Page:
Is Peloton Worth It?

By Deborah Jeanne Sergeant

Noah Basehart certified personal trainer and general manager at NexGen Fitness and Recovery in Buffalo.

During the pandemic, Peloton exploded in popularity as homebound people explored ways to get fit and stay active during quarantine and beyond.
The exercise equipment manufacturer makes not only exercise bikes but also programs to keep users moving and motivated.
The combination of equipment and programming proved so successful during the pandemic that the company struggled to keep up with demand.
But does Peloton live up to the hype?

For around $2,500, the Peloton bike comes with a rotating screen so that users can participate in cycling on the stationary bike and in non-biking classes. Peloton also makes a treadmill (costing around $3,500) and a rowing machine (around $3,100). In addition to the equipment, users can sign up for a separate membership for $44 a month to access all the Peloton programming, accessible to the entire household.
A convenient workout at home avoids the hassles of traffic and limited gym hours. There’s no intimidation of working out with fitter people. But does Peloton deliver results?

“With any workout program, consistency is going to be key, not matter what you’re trying to do,” said Noah Basehart certified personal trainer and general manager at NexGen Fitness and Recovery in Buffalo. “The Peloton is interesting because it does offer some engaging workout. You get to ride in a live class with an instructor. There’s a competitive element.”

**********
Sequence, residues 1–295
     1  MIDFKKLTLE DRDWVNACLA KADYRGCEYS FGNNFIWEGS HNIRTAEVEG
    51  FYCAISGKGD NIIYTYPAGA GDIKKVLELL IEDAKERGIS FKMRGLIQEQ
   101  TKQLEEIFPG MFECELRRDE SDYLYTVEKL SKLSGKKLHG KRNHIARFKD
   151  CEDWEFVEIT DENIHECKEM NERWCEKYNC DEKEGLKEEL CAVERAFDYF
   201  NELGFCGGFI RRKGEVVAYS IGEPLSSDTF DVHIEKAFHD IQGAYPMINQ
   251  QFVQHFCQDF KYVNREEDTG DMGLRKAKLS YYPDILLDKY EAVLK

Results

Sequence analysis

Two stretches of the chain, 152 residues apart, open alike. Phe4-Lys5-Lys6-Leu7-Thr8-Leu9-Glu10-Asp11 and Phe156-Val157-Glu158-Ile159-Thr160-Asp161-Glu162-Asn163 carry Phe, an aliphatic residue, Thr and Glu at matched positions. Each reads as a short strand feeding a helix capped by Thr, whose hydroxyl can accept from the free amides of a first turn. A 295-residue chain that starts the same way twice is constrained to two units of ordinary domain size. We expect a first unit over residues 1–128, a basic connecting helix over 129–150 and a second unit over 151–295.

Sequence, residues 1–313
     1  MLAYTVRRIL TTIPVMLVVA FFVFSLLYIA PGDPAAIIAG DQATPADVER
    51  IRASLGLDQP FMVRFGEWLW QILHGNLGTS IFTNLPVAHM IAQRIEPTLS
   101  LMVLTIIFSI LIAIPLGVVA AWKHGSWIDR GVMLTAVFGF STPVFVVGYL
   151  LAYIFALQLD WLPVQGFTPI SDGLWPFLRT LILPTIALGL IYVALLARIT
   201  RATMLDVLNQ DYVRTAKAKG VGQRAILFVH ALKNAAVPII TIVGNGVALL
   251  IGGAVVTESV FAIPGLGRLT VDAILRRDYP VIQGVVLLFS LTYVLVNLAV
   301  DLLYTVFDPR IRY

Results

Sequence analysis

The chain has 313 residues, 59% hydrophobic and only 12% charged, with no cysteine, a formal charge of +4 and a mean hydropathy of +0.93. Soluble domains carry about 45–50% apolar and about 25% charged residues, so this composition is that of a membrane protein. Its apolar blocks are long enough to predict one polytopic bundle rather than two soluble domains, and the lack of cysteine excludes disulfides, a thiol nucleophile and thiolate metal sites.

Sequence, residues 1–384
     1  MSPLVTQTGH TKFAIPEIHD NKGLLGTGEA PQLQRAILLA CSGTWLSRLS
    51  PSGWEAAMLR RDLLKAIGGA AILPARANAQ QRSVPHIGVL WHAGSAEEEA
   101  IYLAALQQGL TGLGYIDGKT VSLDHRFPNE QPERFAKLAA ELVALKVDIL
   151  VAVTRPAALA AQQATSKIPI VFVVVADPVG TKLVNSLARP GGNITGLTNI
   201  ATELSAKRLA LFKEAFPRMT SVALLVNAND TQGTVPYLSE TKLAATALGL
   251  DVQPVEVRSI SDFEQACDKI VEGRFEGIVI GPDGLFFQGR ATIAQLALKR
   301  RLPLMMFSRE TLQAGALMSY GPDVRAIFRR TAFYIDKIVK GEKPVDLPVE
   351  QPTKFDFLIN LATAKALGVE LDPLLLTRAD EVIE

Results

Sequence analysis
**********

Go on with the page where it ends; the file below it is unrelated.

Tuning into a live session can offer real-time feedback and accountability. Or users can select pre-recorded sessions. The programming includes classes in yoga, stretching, walk, running and resistance.

“There are workouts that go beyond biking, but you have to buy the equipment and the subscription,” Basehart said. “There’s nothing in-person. There’s no one there spotting you and watching your form. It’s all virtual. If you’re doing something that’s more high-risk, it’s really important to know you’re doing it correctly. You can get an engaging workout in, but there’s no one there to make sure you’re doing it correctly.”

Another layer of anonymity may provide a protective buffer, but it also forces users to rely solely upon themselves to feel motivated to participate and to participate fully once involved. There’s no one to check in on them if they do not show up or to monitor form and progress as they participate. They can skimp on repetitions or sets.

Chad Pozantidis, manager Terrie’s Boxing Club in Buffalo, believes that doing something is better than nothing, but “the only problem I’d see is there’s no one there to help you in case your form is incorrect,” he said. “No one is there to say when you’re on a different position on the bike, it’s not correct. People need to make sure they’re doing movements correctly.”

His wife uses Peloton when working out at home.
“It is convenient and you have a lot of different choices,” he said. “The app has a lot of different exercises on it.”

Peloton offers a rental option and month-by-month program option.